When the De Hoop Shipyard in Lobith, Netherlands, took its latest newbuild on sea trials off Rotterdam in May, it notched up an unintended “world’s first.” The ship that the yard was putting through its paces was Silverseas Cruises’ ultra luxurious 100-passenger, all-suite expedition ship Silver Origin, which will operate in the Galapagos.
Because of COVID-19 restrictions, the sea trials were very different from normal. One challenge in particular, says Fre Drenth, the director of De Hoop Shipyard, was a potentially project-halting issue.
“Navis, a St. Petersburg-based company who produced the computer software for Silver Origin’s propulsion and steering installation, could not reach the ship,” says Drenth. “Navis’ engineers were required for the commission and tuning of the software, which is a time-consuming job and can take between four and eight hours. Nevertheless, we managed to devise a solution, which, to my knowledge, had never been tested during a sea trial and would push the boundaries of engineering.”
It was decided that Navis would tune the ship’s dynamic positioning system remotely from the company’s office in St. Petersburg, Russia—over 1,800 kilometers away. A fast internet connection was established on the vessel and communications were tested before the sea trial and all went well. Using just a headset and a built-in camera, contact with the vessel was made.
“Silver Origin’s dynamic positioning system controls the ship’s bow thrusters and azimuth thrusters. As borders with Finland were closed and a required engineer couldn’t attend the sea trial, a stand-in engineer was appointed to commission the thrusters, working closely with the engineer in St. Petersburg,” says Fre Drenth. “After testing of the propulsion installation, we gave the vessel to the control of the engineer in St. Petersburg. This went very well, in part due to the fact that this engineer had a great deal of experience.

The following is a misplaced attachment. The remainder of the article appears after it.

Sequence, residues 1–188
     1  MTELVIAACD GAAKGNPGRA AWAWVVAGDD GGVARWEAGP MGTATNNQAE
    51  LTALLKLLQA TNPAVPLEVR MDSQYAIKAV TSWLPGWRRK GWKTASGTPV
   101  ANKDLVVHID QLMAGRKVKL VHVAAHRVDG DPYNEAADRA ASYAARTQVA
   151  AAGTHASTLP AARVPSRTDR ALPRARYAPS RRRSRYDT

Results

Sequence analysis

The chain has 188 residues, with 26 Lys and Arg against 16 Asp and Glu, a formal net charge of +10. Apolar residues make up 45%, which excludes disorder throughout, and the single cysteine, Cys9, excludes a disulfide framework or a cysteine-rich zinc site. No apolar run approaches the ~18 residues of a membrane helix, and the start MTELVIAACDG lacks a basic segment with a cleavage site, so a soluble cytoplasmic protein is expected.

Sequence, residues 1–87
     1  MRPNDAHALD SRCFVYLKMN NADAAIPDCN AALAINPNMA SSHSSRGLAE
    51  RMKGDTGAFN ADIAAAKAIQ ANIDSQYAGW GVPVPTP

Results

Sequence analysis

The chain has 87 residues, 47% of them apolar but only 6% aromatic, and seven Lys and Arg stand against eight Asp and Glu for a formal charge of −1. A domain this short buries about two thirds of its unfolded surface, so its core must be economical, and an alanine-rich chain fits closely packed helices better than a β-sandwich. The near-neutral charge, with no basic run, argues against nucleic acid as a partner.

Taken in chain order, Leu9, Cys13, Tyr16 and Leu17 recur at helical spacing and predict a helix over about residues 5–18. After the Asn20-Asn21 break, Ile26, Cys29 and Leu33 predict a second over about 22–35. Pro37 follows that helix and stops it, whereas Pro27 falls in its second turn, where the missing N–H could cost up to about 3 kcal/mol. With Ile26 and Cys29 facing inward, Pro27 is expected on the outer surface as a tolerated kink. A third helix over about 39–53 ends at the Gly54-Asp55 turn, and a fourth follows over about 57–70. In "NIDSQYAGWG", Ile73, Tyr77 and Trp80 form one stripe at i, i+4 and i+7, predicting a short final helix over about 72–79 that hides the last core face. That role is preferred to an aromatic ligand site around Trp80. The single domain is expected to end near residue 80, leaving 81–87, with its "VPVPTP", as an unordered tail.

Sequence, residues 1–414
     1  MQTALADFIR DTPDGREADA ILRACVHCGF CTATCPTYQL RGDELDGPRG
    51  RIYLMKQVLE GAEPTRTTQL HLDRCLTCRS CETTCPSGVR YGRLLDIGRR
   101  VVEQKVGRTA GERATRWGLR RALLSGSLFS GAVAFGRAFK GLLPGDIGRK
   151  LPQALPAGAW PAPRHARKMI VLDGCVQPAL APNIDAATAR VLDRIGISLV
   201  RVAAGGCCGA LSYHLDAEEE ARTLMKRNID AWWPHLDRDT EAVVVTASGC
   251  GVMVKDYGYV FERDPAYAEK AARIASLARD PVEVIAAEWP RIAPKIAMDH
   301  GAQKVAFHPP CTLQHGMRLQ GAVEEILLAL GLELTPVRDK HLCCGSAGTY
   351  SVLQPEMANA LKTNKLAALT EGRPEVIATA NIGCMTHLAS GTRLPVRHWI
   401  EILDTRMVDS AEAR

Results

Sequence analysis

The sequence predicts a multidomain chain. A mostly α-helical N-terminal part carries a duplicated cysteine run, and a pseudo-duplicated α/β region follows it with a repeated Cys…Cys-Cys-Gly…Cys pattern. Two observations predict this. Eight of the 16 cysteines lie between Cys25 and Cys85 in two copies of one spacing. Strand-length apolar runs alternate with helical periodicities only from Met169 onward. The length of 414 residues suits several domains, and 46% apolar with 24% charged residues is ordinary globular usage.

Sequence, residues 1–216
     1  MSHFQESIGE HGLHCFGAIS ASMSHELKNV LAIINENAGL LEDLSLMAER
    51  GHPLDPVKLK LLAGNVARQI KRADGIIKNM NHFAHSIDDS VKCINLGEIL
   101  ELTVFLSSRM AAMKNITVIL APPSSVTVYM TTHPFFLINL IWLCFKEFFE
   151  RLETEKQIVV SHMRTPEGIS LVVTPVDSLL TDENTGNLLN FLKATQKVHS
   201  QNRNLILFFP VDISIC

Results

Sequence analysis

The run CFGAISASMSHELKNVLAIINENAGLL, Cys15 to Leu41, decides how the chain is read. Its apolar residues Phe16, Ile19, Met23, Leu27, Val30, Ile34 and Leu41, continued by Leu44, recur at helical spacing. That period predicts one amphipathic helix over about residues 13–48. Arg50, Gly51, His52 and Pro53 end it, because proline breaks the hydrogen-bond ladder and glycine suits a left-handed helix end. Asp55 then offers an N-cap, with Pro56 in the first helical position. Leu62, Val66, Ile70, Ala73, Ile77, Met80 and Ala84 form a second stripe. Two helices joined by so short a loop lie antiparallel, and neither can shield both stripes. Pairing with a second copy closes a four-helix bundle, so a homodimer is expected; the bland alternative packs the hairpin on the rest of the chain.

“The tuning was successful and took no longer than normal. Our sea trial demonstrated, for the first time ever, that it is possible to tune dynamic positioning systems remotely. It could save companies time and money in the future.”
Though the remote operation of Silversea Origins’ DP system is a dramatic example of how the need to live within the constraints imposed by coronavirus restrictions is giving an added impetus to a marine industry trend that had already been gathering pace.
Connectivity is Key
Maritime VSAT connectivity reached an all-time high of 28,200 connected vessels at the end of 2019, according to the latest data from Euroconsult, with number of terminals increasing by 17.5% year over year, and VSAT services revenue growing by 11% to approach $1.3 billion. Helping push that growth have been factors, such as the cruise industry’s need to satisfy passenger expectations and crew welfare benefits, but equally important has been the industry’s growing awareness that a more connected ship is a more efficient ship in a myriad of ways. As it happens, Euroconsult thinks that the growth in maritime VSAT adoption will slow as a result of the pandemic, notably because of its impact on cruising. Nonetheless, Pacôme Révillon, CEO of Euroconsult, says, “in light of technology advances and the appetite for applications and bandwidth, we expect the industry to return to growth in two years’ time.”